Cholera remains a major public health problem in many countries. Poor sanitation and inappropriate clean water supply, insufficient health literacy and community mobilization, absence of national plans and cross-border collaborations are major factors impeding optimal control of cholera in endemic countries. In March 2017, a group of experts from 10 Asian cholera-prone countries that belong to the Initiative against Diarrheal and Enteric Diseases in Africa and Asia (IDEA), together with representatives from the World Health Organization, the US National Institutes of Health, International Vaccine Institute, Agence de médecine préventive, NGOs (Save the Children) and UNICEF, met in Hanoi (Vietnam) to share progress in terms of prevention and control interventions on water, sanitation and hygiene (WASH), surveillance and oral cholera vaccine use. This paper reports on the country situation, gaps identified in terms of cholera prevention and control and strategic interventions to bridge these gaps.
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http://dx.doi.org/10.1186/s12919-018-0158-1DOI Listing
http://www.ncbi.nlm.nih.gov/pmc/articles/PMC6284268PMC
December 2018

Identification of burden hotspots and risk factors for cholera in India: An observational study.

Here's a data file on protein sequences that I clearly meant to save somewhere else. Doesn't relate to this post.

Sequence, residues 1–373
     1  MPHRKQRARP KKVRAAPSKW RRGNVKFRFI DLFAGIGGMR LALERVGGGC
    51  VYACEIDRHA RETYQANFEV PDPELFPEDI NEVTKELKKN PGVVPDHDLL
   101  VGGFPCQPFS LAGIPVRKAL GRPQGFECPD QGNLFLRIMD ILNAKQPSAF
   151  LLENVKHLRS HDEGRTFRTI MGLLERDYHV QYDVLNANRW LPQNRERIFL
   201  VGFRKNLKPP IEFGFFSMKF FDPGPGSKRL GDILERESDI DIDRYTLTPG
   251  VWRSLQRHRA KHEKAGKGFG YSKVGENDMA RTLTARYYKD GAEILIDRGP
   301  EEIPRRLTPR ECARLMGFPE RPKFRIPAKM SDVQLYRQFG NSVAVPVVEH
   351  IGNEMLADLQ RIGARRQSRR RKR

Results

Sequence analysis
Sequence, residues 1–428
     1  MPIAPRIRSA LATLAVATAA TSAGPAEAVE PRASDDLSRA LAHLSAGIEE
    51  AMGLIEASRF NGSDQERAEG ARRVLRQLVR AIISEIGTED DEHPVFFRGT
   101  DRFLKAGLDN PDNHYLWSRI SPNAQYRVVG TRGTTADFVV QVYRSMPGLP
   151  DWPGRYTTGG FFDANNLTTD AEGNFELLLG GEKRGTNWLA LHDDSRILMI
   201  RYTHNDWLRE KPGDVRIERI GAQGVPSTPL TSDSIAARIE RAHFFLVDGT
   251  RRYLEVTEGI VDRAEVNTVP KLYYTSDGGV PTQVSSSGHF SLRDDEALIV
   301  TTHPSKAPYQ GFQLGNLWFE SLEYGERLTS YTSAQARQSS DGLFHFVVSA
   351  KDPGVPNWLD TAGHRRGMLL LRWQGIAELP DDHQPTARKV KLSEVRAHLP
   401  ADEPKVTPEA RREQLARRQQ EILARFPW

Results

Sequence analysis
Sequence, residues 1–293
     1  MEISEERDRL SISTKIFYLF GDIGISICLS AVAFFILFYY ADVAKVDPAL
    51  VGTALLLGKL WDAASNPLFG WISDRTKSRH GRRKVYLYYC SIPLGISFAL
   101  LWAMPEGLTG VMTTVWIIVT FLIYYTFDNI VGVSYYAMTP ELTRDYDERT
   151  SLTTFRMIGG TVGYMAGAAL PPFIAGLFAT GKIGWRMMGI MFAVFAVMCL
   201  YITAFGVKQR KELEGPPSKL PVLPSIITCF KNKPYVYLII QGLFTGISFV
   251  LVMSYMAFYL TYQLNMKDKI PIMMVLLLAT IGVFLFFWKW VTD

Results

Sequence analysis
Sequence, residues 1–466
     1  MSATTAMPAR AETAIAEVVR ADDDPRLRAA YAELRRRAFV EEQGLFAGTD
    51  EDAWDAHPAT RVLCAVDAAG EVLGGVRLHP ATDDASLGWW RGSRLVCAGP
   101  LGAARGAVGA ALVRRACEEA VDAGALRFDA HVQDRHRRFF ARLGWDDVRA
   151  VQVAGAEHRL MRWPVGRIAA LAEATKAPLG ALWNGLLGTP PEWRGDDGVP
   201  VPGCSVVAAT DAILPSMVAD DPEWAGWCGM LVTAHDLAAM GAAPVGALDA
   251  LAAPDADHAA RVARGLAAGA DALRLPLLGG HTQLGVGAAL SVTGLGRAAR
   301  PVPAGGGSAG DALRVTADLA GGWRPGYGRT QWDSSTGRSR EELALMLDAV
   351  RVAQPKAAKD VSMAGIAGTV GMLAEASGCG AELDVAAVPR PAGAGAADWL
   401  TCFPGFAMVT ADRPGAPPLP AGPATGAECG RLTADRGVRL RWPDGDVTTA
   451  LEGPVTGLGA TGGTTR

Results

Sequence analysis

PLoS One 2017 24;12(8):e0183100. Epub 2017 Aug 24.

Policy Center for Biomedical Research, Translational Health Science and Technology Institute, New Delhi, India.

Background: Even though cholera has existed for centuries and many parts of the country have sporadic, endemic and epidemic cholera, it is still an under-recognized health problem in India. A Cholera Expert Group in the country was established to gather evidence and to prepare a road map for control of cholera in India. This paper identifies cholera burden hotspots and factors associated with an increased risk of the disease.

Methodology/principle Findings: We acquired district level data on cholera case reports of 2010-2015 from the Integrated Disease Surveillance Program. Socioeconomic characteristics and coverage of water and sanitation was obtained from the 2011 census. Spatial analysis was performed to identify cholera hotspots, and a zero-inflated Poisson regression was employed to identify the factors associated with cholera and predicted case count in the district. 27,615 cholera cases were reported during the 6-year period. Twenty-four of 36 states of India reported cholera during these years, and 13 states were classified as endemic. Of 641 districts, 78 districts in 15 states were identified as "hotspots" based on the reported cases. On the other hand, 111 districts in nine states were identified as "hotspots" from model-based predicted number of cases. The risk for cholera in a district was negatively associated with the coverage of literate persons, households using treated water source and owning mobile telephone, and positively associated with the coverage of poor sanitation and drainage conditions and urbanization level in the district.